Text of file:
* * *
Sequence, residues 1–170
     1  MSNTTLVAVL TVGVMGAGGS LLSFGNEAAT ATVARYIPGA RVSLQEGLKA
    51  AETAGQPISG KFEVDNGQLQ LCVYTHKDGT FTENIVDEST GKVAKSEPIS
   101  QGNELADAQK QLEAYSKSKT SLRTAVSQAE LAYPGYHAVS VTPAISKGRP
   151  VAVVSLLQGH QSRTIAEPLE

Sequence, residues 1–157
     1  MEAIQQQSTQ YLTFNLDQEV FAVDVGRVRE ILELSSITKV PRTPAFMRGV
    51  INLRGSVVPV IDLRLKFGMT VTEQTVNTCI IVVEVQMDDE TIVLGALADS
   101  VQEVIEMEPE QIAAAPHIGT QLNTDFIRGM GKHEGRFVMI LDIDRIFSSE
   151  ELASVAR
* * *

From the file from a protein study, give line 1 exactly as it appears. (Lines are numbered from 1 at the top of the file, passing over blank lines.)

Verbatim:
Sequence, residues 1–170